SPECIAL REPORT: How Port Harcourt stood still for autism awareness

Saturday, April 2, 2016 was a big day in Port Harcourt as hundreds of people walked the streets to drum up support for the autism awareness.

Led by quintessential director of the center, Beauty Kumesine, hundreds walked through the streets, starting from the Yakubu Gowon Stadium (formerly known as Liberation Stadium, through Stadium road, down to Airforce base and making a U-turn down back to Stadium road and the stadium were talks were held and folks who had kids with autism spoke out on their challenges and joys.

The Blazing Heart Autism Center aims to create awareness, advocate, support understand, love, educate, express, include, accept embrace and help individuals living with Autism and other related disabilities.

Blazing Heart Autism Center has realized that for many parents the realization of their child is battling to keep up with the academic and intellectual progress of their peers and this can be frightening.

In BHAC, they provide one-on-one home based and school based programs for children under the spectrum.

Beauty Kumesine in this chat explains her role at the Center.
Beauty Kumesine

“The walk was basically to sensitize the public on autism. Children with autism are like a silent part of the population and people needed to know about them and that’s why we had the walk,” Kumesine said.

“Aside the autism awareness, we believe that people who took part in the walk also shed some weight as it was also good for health.”

During the walk, volunteers talked to people on the streets through a Public Address System as well as one on one chats.

Flyers and pamphlets were also given to passersby as well as thrown into cars.

“We had previously done seminars in closed environments but we felt it was time to hit the streets once more and do it in the open,” the director said.

A success story so far

After the walk on April 2, Kumesine described the whole campaign as a success story so far.

“I will say Port Harcourt is about forty five percent aware of autism. These people are not physically disabled, maybe just intellectually slow.

“Because people do not see physical disability, they do not really know what is going on with the kids. We are fighting against stigmatizing these kids or segregating them from the rest.

“We tried to tell Port Harcourt people that these children can be better if they are taught differently or loved and understood.

“We have been at the forefront of awareness, talking to different people, government and parastatals at different levels and at different times,” she said.

No known autism cure

Members of the Bristow Uplift team
As hopes continue to rise that researchers and scientists will soon come up with a cure, there is nothing of that such for autism as it stands.

There is no known cure for autism even though there is currently a management plan for kids with autism.

“It’s not like malaria where you have symptoms and take drugs. This is different.

“These children are suffering from the hands of people show do not understand what is going on with them.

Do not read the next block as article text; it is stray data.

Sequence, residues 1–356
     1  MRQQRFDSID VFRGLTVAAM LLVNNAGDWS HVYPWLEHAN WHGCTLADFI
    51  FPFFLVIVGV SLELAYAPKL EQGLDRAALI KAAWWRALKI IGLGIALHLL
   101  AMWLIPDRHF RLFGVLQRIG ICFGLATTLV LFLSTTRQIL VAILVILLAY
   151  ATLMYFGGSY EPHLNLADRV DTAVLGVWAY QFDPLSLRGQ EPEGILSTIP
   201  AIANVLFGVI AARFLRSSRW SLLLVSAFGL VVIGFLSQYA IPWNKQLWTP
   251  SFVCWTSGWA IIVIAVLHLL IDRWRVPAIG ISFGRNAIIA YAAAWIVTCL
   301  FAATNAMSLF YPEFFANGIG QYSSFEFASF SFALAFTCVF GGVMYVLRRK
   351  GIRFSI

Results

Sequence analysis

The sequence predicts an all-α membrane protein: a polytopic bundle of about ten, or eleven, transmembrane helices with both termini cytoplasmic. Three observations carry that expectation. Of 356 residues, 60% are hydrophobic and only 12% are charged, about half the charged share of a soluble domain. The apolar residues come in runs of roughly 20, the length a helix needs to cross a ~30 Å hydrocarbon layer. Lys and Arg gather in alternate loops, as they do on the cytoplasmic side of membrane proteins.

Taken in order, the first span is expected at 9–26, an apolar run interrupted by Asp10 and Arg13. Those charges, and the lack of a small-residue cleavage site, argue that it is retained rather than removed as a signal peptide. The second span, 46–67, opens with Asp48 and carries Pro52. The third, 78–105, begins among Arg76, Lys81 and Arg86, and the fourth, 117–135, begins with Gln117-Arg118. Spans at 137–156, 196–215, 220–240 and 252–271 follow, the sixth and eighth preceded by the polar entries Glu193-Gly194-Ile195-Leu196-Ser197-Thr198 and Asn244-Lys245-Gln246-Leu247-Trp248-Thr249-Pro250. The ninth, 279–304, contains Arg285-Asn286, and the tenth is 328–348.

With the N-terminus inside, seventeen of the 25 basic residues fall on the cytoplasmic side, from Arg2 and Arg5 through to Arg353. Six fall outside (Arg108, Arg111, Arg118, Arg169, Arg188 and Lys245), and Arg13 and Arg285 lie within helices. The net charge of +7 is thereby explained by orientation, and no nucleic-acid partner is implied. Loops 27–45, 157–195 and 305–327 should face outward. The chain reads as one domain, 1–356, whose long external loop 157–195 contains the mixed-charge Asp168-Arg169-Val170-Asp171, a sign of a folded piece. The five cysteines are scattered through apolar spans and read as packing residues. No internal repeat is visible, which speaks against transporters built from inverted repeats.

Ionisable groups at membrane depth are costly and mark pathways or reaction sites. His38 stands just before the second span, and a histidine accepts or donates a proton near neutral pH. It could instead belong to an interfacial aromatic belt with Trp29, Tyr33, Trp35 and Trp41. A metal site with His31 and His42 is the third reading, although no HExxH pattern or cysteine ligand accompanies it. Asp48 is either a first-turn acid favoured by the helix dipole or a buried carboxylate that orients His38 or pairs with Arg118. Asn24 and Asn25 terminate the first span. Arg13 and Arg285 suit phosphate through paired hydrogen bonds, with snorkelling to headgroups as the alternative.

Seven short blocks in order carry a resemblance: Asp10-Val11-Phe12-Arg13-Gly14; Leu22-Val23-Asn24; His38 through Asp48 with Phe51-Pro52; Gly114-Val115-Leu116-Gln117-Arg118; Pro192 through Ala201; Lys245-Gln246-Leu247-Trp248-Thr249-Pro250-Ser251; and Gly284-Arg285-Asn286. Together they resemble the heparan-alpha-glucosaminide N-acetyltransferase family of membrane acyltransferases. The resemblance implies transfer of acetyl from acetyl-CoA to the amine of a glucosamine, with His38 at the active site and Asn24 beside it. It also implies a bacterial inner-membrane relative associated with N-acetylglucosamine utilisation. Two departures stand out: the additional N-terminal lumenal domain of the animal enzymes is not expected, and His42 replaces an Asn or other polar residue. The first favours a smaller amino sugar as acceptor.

“You see a kid with autism throwing tantrums and because people around do not understand, they probably start staring or laughing.

“And because they cannot express themselves to let you know what is going on with them, you probably start laughing at them. That’s why we are educating people as much as we can.”

Blazing Heart says no to Branding
Carita Osteen Ejiasa of Education Plus and Naomi Acheru of Quantum Travels
Using the word autistic may seem like branding the kids so Mrs. Kumesine would rather say a ‘kid with autism’ than calling one ‘an autistic kid’.

“We have long stopped classifying them as autistic children because that is like branding them. We do not want to brand any case.

“But more importantly is that science has not told us yet if kids are born with it. The signs begin to show from the age of two and above.

“As regards the cause, there is no agreement in science yet. Some suggest it’s a genetic condition and others say environmental factors, but my thinking is that, if science can point out to the exact cause of autism, then a cure will be found.”

Initially, it was thought the Measles, Mumps and Rubella, MMR vaccine was a cause for autism in kids but that has been debunked and there is no known cause for the condition.

A success story so far

Members of the Lifestyle Cycling club at the walk
After the successful walk for autism awareness in Port Harcourt, it seems it’s a success story for the Blazing Heart Autism center.

As Mrs. Kumesine says, “lots of people have started projects and fallen by the way, but for me, I look back at this whole experience and I say it is a success story.

“I’ve been successful all the years. We have been consistent in awareness, working with children, training, research and it’s still ongoing.

“We can look back, not just at this walk we held recently, but at lots of other projects and say we have been successful.”

The event was powered by the Blazing Heart Autism center and proudly supported by Tchanan Foundation, 7th April photography, Airtel Nigeria, Darkman movies, Hard Raidaz Motorcycle club, Lifestyle Cycling club, TouchPH, Rhythm 93.7, Wave FM 91.7, Keeping it Real Foundation, Cutest Girls Ever.

The Bristow Uplift team and Education Plus also made their presence felt on the day.

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